Think twice before you volunteer information.

Hello Captain Bob,

I'm preparing for an
interview. They are hiring 3 and I am currently third on the list.
They are interviewing the top 12. The only thing I am worried about
now, besides the interview, is a misdemeanor charge of disorderly conduct
that I received in April of 1997 during a spring break trip. It occurred
at a hotel party and several people were charged. I was asked about
this in another interview. Actually they asked if I had
anything to tell them about that they could find out if they checked. So
I volunteered the information. How much will this count against me? Do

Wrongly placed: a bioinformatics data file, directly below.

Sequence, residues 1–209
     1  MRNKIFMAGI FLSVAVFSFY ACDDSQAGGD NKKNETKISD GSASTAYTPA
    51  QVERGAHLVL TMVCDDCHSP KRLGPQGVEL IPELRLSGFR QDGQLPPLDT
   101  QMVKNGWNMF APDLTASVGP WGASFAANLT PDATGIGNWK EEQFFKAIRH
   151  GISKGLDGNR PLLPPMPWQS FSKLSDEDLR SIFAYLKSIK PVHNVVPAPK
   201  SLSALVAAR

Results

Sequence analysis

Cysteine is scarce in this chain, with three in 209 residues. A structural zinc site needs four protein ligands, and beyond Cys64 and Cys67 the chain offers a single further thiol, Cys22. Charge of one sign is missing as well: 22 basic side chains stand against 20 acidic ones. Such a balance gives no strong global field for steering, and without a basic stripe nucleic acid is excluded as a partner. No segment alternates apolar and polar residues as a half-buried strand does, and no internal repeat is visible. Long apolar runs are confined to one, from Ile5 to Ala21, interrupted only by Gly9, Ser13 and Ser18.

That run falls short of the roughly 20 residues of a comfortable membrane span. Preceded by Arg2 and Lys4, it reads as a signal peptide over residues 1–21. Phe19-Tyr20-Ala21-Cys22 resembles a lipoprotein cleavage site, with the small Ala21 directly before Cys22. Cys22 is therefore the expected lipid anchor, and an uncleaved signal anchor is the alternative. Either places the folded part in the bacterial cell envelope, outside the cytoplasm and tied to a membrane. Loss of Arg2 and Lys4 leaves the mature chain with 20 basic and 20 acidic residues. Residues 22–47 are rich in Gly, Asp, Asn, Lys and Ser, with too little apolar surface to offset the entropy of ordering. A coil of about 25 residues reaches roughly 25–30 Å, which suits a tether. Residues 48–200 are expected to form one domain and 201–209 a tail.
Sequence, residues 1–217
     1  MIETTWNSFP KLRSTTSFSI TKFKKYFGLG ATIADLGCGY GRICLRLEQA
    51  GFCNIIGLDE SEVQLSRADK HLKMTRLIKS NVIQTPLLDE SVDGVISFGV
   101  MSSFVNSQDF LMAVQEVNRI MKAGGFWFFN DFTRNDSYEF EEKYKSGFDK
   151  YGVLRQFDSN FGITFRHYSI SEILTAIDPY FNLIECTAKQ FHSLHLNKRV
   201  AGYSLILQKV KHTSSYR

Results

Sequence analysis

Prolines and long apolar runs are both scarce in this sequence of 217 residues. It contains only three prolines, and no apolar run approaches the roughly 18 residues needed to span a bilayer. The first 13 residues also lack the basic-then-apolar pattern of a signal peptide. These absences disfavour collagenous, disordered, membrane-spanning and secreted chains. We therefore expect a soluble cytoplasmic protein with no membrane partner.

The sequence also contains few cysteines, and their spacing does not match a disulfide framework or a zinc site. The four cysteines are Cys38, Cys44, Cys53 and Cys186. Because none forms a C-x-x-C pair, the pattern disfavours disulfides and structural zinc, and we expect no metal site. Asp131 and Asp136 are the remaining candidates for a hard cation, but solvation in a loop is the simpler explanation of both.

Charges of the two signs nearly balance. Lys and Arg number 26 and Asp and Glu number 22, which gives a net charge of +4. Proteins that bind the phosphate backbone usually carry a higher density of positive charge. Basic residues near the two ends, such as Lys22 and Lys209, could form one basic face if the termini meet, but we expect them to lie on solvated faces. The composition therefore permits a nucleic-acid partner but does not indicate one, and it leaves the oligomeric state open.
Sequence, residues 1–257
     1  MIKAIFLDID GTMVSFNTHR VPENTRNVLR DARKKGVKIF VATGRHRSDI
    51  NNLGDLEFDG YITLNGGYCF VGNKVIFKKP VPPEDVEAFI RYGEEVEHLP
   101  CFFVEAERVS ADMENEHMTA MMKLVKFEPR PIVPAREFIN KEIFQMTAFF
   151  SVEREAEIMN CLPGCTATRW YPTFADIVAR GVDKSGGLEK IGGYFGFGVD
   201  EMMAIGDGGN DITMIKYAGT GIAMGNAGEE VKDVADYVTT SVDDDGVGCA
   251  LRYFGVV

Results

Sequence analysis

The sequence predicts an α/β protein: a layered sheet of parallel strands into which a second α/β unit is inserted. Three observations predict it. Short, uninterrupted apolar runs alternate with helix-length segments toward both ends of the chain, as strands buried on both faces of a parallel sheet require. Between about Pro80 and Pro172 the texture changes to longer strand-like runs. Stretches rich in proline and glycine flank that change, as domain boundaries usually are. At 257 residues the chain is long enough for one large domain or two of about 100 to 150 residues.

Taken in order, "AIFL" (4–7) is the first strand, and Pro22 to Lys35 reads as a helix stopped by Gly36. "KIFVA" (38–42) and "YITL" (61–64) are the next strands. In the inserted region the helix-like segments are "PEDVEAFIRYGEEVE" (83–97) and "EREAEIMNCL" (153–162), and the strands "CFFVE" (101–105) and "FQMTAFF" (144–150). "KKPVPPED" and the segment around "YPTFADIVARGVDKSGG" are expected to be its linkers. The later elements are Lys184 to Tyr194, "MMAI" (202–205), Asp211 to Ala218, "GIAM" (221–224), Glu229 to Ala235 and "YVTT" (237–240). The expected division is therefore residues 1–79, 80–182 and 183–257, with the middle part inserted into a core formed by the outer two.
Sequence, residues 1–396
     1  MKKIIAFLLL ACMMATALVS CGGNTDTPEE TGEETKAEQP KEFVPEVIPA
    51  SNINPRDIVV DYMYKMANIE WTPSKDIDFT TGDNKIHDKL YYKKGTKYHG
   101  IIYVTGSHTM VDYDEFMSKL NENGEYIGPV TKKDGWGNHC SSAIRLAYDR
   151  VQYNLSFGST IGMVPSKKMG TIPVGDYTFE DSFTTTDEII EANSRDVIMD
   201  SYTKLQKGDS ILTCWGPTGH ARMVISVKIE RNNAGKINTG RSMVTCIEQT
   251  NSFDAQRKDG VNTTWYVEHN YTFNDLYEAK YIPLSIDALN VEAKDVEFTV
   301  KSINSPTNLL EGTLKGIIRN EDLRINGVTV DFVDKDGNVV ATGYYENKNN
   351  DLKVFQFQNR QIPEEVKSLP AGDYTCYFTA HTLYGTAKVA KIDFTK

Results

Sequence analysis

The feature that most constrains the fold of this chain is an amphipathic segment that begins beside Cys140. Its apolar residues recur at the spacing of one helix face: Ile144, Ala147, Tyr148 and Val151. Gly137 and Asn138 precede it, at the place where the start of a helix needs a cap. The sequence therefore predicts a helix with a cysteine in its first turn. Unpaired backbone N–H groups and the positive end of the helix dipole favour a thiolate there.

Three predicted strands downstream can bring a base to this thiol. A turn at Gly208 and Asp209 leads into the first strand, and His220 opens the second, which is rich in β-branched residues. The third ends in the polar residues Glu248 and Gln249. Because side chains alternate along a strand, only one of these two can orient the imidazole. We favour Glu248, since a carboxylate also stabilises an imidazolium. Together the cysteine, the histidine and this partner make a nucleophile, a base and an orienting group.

you think they will even know about it? I had to do a finger print card
at the police station. Thank You, Dave

Dave:

When you start volunteering information is when the wheels start coming off the wagon. This is something you don't bring up in an interview, even when they ask you, "If you had anything to tell them about that they could find out if they checked." This is something you cover with the background investigation.

Your situation is not a big deal. It's how you explain the situation that makes difference. Yes, if you were charged, there is probably a record of it somewhere.

A candidate knew this question was going to be asked in his chiefs interview. He wanted to mention that he had not been hired by another department because there were some "questionable" results about continual drug use on a polygraph testThat he said were wrong. We advised him not to bring it up. It never came up in the background. There was no polygraph test for this department. He was hired.

The defense rests.

"Nothing counts 'til you have the badge . . . Nothing!"

"Captain Bob"